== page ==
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Caring for Your Ayurvedic Skin Type

Caring for Your Ayurvedic Skin Type

The first step in an ayurvedic approach to skin care is knowing your skin type.

VataPitta and Kapha are ayurvedic mind-body principles called doshas (doe'-shas). They govern the activities of the mind and body and create physical, emotional and mental tendencies. These three principles are combinations of the five elements — Vata, for example, is mostly air and space, Pitta is mainly fire and water and Kapha is primarily earth and water. A person's ayurvedic skin type, therefore, can be Vata, Pitta or Kapha, or sometimes a combination of two of these doshas.

And over time, your type may change because of external factors such as climate, diet and lifestyle habits or environmental pollution. Such "imbalances" should also be taken into account when choosing a skin-care program. If you have questions, ask for an assessment with an ayurvedic expert.

Vata skin is generally dry, thin, cool to the touch, easily dehydrated, and very vulnerable to the influence of dry, windy weather. Pitta is mostly fire, so the Pitta skin tends to have more breakouts, photosensitivity, less tolerance to hot food, and a more fiery essence. Pitta skin looks ruddy, and is warm to the touch. Pitta skin types tend to be more prone to freckles and moles than the other skin types. Kapha dosha is predominantly water and earth, so Kapha skin tends to have all the qualities of water and earth — it can be greasy, thick, and more tolerant of the sun.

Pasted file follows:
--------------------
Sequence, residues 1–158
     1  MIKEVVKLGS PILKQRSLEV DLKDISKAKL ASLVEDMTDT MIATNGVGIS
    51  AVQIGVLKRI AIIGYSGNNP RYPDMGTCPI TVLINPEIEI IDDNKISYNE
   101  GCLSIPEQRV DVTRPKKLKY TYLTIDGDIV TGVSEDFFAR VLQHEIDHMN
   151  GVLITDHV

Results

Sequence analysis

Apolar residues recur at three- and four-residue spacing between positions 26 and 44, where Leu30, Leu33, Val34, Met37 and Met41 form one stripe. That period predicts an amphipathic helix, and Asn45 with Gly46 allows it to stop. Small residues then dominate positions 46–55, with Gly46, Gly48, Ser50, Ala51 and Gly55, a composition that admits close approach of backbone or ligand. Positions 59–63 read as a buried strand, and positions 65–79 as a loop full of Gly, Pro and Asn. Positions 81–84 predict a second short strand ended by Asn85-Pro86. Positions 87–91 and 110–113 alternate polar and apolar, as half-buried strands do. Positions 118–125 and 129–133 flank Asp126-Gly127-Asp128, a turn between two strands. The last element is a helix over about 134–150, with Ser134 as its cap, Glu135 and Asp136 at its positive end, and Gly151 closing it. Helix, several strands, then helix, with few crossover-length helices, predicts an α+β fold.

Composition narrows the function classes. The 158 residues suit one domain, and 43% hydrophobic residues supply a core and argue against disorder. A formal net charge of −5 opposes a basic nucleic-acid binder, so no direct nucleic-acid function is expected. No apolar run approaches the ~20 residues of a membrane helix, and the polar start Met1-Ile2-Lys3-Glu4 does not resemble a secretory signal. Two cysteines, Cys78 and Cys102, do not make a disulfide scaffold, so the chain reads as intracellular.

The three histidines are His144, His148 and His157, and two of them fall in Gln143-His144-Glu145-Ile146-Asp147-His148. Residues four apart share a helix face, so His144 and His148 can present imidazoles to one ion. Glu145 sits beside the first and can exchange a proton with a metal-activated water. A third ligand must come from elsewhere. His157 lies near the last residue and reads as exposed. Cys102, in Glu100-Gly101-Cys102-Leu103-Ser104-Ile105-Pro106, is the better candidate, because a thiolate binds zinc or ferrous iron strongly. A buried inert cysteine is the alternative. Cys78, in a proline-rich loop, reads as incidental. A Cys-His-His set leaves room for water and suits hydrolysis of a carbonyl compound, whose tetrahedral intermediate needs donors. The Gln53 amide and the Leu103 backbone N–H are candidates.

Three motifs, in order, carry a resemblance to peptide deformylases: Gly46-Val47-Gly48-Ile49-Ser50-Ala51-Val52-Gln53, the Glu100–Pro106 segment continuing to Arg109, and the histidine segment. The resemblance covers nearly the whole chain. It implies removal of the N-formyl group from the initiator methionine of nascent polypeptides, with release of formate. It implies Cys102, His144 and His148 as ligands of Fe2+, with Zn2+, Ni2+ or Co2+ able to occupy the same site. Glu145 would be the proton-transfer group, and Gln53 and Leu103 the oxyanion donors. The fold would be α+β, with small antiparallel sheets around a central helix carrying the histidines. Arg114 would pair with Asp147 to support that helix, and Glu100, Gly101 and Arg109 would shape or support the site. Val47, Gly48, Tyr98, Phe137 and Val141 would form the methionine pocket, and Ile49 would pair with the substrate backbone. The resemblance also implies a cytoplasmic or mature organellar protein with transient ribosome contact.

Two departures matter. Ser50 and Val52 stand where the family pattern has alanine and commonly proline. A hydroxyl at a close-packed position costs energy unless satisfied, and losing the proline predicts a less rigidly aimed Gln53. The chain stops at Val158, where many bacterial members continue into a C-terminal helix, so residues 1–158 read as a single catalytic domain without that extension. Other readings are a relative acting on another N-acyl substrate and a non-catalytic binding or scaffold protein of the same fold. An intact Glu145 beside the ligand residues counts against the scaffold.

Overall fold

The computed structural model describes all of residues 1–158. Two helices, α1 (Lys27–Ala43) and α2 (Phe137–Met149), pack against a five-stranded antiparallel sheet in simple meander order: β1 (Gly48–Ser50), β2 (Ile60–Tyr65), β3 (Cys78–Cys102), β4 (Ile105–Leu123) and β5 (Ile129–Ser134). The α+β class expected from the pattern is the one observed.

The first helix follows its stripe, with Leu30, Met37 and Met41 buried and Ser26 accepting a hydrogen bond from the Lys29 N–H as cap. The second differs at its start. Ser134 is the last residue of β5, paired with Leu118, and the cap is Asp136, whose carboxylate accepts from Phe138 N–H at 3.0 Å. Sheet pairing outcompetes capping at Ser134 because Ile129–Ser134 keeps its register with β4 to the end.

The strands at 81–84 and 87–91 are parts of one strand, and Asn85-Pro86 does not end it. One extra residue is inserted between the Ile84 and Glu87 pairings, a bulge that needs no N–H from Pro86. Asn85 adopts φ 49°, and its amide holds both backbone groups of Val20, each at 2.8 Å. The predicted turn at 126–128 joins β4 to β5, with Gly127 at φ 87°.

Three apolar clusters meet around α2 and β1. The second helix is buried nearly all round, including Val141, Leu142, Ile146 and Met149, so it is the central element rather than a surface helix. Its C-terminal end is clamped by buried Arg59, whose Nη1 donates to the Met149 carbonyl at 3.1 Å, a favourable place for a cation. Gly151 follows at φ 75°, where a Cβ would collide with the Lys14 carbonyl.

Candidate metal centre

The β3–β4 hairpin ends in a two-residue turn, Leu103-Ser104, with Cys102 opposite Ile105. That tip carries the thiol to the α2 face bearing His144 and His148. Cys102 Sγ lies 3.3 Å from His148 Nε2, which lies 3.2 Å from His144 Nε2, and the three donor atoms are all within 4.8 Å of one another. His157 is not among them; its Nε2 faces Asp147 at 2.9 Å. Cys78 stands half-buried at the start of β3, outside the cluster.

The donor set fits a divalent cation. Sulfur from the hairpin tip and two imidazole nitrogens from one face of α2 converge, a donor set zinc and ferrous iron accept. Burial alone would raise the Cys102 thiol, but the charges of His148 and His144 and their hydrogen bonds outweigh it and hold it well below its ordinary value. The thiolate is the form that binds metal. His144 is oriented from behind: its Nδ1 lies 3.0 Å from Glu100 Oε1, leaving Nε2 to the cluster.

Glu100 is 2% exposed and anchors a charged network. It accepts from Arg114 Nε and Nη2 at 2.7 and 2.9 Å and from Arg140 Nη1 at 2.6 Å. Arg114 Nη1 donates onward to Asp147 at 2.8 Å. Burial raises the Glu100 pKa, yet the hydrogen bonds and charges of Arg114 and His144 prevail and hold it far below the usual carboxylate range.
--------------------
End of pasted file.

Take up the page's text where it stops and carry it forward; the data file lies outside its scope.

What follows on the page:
"Combination" skin can be Vata-Pitta — skin that is both dry and sensitive; Kapha-Pitta — oily and sensitive skin; or Vata-Kapha — skin that is generally dry with some oily zones. The ayurvedic approach to caring for combination skin takes into account environmental and seasonal factors. For example, a person with Vata-Pitta skin would follow the recommendations for Pitta skin in summer and Vata skin in winter. The Kapha-Pitta type would follow Pitta recommendations in summer and Kapha recommendations in the spring. The Vata-Kapha type would be best served by generally following Vata guidelines, with extra cleansing of the oily zones.

Caring for Vata Skin

For Vata skin to stay youthful, it's best to use skin-care products that are very nurturing. These should include some essential oils or herbs in combination which can nourish the skin and rehydrate it; otherwise it may be susceptible to wrinkles and premature aging.

A Vata-pacifying lifestyle — like going to bed on time, eating three regular meals, and following a regular daily routine — is an essential component of a holistic approach to Vata skin care, as is eating foods that help balance Vata and nourish the Vata skin.

Here are some suggestions for caring for Vata skin:

  • Provide added nourishment to your skin by including organic milk, whole grains and green leafy vegetables in your diet.
  • Drink lots of lukewarm water every day for internal hydration.
  • Eat plenty of sweet, juicy fruits; they help cleanse the body from within and provide hydration as well.